Aguilera: “A crise produzida pela pandemia na América Latina significará avançar mais rapidamente em políticas públicas que conjurem uma nova década perdida”
O relatório América Latina, uma agenda de recuperação, elaborado pela Fundación Euroamérica e pela Fundación Iberoamericana Empresarial, com o apoio do Banco de Desenvolvimento da América Latina (CAF), apresenta uma lista de propostas para promover uma estratégia de recuperação econômica da região após a crise provocada pela COVID-19. Para acessar o relatório completo, clique aqui.
A pandemia de COVID-19 teve consequências inesperadas no mundo, e a América Latina é a região mais afetada pela crise e suas previsões de recuperação são lentas e frágeis. O Diretor Geral da MAPFRE Economics, Manuel Aguilera, participou ativamente da elaboração do relatório América Latina, uma agenda de recuperação.
Rebuilding trust and strategic alliances
In the online presentation of the report América Latina, una agenda para la recuperación to the DLAT (Delegation to the Euro-Latin American Parliamentary Assembly), Ramón Jáuregui, Chair of the Euroamerica Foundation and former Chair of DLAT, spoke of the “incredibly grave” situation in the region, which could lose a decade of progress in terms of macroeconomics, standards of living and poverty levels. This situation means that Europe must make itself present in Latin America.
He summarized the four major emergencies: vaccines, in terms of the worrying delays in distribution and “the risk of a moral failure on Europe’s part”; international funding and the responsibilities of international bodies such as the IMF in this regard; the inclusion of the region in the twin ecological and digital transition being promoted by the EU, involving commitments from the European Investment Bank and benefiting from the opportunities offered by this region’s society and its wealth of resources; and the need to establish a strategic alliance between Europe and Latin America. He acknowledged that Latin America’s political community was losing confidence in Europe and business investments were being withdrawn. In the global geopolitical sphere, Europe has no ally more loyal or natural, or with more common values, he asserted, so strengthening solidarity and alliances is a must. The Ibero-American space is a community built upon key multilateral consensus and, with this in mind, the report puts forward measures to ensure that Latin America is not left behind.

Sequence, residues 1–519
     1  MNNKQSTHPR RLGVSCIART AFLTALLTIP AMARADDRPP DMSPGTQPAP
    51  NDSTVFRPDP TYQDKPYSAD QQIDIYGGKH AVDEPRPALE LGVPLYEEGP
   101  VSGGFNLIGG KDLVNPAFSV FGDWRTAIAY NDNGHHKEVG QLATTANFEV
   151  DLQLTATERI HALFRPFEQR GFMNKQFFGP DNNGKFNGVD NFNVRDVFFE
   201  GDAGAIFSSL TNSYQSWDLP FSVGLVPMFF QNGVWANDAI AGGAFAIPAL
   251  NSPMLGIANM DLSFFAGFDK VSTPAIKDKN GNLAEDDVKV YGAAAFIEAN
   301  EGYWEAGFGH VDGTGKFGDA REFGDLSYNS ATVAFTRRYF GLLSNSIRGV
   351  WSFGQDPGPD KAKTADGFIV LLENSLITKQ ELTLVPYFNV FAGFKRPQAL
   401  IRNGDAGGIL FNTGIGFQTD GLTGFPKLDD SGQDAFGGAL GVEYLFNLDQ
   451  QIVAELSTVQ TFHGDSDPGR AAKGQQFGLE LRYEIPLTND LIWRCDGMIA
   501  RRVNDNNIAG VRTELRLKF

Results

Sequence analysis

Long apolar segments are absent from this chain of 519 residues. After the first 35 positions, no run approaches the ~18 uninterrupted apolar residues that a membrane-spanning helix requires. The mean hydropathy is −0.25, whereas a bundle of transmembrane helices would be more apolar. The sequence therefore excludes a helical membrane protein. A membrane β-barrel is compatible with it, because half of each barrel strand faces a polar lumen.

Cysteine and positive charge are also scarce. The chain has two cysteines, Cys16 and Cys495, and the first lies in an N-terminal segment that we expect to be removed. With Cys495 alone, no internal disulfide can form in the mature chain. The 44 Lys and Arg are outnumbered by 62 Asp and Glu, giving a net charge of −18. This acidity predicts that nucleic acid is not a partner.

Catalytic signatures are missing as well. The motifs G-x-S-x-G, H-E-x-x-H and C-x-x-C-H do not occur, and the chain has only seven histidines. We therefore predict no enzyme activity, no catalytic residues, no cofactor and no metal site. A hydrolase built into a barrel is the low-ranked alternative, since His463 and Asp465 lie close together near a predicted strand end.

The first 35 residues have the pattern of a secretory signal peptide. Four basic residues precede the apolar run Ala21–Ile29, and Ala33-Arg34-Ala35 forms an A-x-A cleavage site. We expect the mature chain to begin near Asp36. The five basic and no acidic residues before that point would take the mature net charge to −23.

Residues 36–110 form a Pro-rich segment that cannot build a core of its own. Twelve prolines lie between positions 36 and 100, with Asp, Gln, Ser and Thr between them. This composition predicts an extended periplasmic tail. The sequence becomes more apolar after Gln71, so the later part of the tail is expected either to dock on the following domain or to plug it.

For his part, Josep Piqué, President of the Fundación Iberoamericana Empresarial and Spain’s former Minister of Foreign Affairs, said that the document had been well received, since “it is based on solidarity, multilateralism and cooperation” but did not use these to obscure the work that needs to be done internally by the Latin American region itself with regard to competitiveness and structural and governmental reform. In his view, the report has opened up a Euro-Latin American dialog, in the presence of leading experts, about the need for the EU to support the region in global forums and to align the priorities with those of the Portuguese Presidency of the Council of the European Union, with a focus on processing the EU-Mercosur agreement.
The document examines key issues such as the regional integration of Latin American markets, the financing of future investments in limited fiscal spaces and digitization in order to break the closed circuit of informality and the rigidity of the labor markets. The report also covers the need to create an appropriate legal framework, promote greater private investment and develop ecosystems, public policies and legal frameworks that facilitate social investment.
In the online presentation of the study last October to the SEGIB (Secretaría General Iberoamericana — Ibero-American General Secretariat), Escolano pointed out that it was important for Latin America to approach “the short-term with determination and the long-term with an open mind” and recalled that the report recommended reforms for competitiveness, resilience and economic sustainability.